The winding valley that leads into Sharon Springs draws the traveler in with careful, deliberate steps. It’s beautiful in its somber autumnal way, but it’s the sort of beauty that slowly smolders, rather than exploding with gaudy color and instant awe. The hues are more nuanced, subtle gradations of shades – purples and plums, raw umber and slate, and the sky all sorts of gray and steel blue. There are some spots of color that remain – the warm crackling pops of pumpkin and squash, of lingering maple leaves and entwining bittersweet, and the lone garden flower bravely putting itself out in the midst of the dangerous frost.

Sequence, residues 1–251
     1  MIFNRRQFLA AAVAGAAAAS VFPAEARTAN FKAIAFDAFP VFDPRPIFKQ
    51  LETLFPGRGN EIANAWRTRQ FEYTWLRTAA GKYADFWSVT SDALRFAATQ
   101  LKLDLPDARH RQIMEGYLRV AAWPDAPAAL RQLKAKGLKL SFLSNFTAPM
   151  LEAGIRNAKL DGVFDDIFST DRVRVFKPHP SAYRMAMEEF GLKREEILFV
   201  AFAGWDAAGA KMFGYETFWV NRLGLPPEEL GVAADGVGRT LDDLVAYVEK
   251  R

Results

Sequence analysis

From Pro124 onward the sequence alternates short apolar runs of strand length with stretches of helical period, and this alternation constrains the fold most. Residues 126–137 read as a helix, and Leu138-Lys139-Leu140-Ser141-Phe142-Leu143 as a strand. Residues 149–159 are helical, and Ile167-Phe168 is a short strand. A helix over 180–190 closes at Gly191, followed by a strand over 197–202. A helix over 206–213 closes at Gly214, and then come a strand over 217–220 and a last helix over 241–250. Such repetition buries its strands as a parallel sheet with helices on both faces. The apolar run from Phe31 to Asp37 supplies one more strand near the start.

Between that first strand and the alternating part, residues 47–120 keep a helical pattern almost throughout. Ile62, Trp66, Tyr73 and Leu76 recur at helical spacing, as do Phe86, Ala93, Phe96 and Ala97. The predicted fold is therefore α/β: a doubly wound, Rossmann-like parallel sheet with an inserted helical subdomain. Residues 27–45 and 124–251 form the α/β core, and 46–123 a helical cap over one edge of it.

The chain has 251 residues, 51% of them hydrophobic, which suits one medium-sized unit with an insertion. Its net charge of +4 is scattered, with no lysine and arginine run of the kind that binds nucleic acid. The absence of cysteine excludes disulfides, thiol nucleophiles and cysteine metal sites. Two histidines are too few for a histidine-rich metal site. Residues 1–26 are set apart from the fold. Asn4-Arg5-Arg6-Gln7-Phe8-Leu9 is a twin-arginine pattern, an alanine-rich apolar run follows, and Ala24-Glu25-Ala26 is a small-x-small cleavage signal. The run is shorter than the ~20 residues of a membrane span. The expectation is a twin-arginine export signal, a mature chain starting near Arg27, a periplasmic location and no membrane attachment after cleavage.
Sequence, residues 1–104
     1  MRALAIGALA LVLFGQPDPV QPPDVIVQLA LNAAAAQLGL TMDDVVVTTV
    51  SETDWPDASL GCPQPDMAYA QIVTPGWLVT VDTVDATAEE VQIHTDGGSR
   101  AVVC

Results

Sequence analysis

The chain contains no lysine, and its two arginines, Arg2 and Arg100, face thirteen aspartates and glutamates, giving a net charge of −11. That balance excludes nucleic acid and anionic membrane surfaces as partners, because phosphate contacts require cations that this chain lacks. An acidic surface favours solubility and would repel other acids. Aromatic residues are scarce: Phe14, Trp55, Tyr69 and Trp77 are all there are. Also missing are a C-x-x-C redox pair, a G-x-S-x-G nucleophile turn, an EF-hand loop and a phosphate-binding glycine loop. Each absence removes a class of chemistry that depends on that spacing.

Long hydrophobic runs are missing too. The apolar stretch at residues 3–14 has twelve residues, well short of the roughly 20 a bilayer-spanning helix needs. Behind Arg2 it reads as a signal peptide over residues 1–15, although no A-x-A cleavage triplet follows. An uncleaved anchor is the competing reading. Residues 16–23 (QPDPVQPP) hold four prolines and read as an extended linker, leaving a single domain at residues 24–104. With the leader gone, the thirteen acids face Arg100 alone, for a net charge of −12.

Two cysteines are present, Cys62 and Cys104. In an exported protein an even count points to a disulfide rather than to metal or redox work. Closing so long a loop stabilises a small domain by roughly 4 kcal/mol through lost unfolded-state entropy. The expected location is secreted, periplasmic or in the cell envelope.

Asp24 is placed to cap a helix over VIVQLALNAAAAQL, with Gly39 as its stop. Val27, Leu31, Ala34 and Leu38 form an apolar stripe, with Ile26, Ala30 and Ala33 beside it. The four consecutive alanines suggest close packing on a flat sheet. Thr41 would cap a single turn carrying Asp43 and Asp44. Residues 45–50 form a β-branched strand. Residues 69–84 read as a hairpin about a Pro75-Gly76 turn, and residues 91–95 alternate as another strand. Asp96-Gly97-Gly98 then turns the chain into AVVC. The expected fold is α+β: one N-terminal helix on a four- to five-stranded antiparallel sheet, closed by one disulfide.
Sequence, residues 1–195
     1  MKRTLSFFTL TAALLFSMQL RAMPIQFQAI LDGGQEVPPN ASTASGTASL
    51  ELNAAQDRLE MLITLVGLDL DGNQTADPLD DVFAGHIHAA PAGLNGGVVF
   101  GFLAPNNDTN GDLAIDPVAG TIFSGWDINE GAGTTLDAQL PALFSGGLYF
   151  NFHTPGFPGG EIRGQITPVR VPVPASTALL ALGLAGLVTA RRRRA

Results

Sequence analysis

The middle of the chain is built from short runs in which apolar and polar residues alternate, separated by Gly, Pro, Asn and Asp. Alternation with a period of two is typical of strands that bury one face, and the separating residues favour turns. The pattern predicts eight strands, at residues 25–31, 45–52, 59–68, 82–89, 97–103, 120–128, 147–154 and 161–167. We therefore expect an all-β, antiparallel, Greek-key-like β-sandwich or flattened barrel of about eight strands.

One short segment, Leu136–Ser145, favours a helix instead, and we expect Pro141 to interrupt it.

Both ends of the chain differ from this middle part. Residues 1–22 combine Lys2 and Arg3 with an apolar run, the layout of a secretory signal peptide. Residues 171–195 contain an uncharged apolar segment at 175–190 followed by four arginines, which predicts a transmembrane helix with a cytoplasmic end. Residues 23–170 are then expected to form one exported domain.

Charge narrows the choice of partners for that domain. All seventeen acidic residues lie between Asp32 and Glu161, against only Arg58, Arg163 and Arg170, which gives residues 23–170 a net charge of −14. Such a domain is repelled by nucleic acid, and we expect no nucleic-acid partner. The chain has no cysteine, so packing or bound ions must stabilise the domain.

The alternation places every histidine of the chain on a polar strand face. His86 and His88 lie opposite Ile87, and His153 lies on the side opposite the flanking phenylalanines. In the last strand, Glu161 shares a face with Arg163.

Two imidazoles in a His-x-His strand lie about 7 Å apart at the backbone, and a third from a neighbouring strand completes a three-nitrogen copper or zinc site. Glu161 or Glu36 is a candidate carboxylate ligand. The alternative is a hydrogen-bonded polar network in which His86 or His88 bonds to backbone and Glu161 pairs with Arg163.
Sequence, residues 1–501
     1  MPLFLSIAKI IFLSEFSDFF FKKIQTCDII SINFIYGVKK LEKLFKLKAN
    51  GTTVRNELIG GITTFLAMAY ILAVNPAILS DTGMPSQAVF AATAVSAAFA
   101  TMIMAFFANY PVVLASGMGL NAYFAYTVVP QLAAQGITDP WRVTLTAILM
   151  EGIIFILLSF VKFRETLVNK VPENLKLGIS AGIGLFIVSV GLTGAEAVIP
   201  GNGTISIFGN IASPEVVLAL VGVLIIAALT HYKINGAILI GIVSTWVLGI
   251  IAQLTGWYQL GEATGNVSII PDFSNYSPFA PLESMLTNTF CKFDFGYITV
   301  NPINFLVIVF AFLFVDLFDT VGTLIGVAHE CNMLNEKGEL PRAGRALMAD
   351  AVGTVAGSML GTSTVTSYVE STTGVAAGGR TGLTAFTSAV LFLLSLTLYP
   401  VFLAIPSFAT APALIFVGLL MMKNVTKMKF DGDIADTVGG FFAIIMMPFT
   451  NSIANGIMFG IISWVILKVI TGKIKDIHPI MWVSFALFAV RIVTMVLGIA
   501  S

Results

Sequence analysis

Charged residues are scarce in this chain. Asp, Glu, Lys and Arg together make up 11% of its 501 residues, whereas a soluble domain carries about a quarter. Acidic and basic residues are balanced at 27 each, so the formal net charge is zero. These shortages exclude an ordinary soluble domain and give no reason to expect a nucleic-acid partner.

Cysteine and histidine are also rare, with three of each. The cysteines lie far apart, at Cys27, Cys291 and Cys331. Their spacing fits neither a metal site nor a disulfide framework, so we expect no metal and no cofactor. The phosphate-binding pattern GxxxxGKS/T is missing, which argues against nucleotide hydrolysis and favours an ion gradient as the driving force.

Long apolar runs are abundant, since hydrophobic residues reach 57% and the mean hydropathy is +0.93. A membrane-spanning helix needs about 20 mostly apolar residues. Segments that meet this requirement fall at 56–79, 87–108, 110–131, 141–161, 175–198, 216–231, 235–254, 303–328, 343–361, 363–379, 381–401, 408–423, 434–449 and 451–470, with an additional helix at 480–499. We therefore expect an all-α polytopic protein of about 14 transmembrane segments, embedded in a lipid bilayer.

I was raised close by – in Amsterdam, NY – and though I thought that was a quiet town, it was nothing compared to the stillness of Main Street in Sharon Springs. That said, it was a bit of a culture shock – not just for me, but for Andy as well. It actually took about a full day for us to gain our bearings and get a feel for the pace of the space, the way the town breathed, the way we would need to slow ourselves down, and readjust our pace.
It was a necessary realignment in perspective, and perhaps we both needed it more than either of us realized. The town, and specifically the American Hotel, had its magic to work, and we were soon enthralled to every enchantment it cast. Time passed differently here.Back to Blog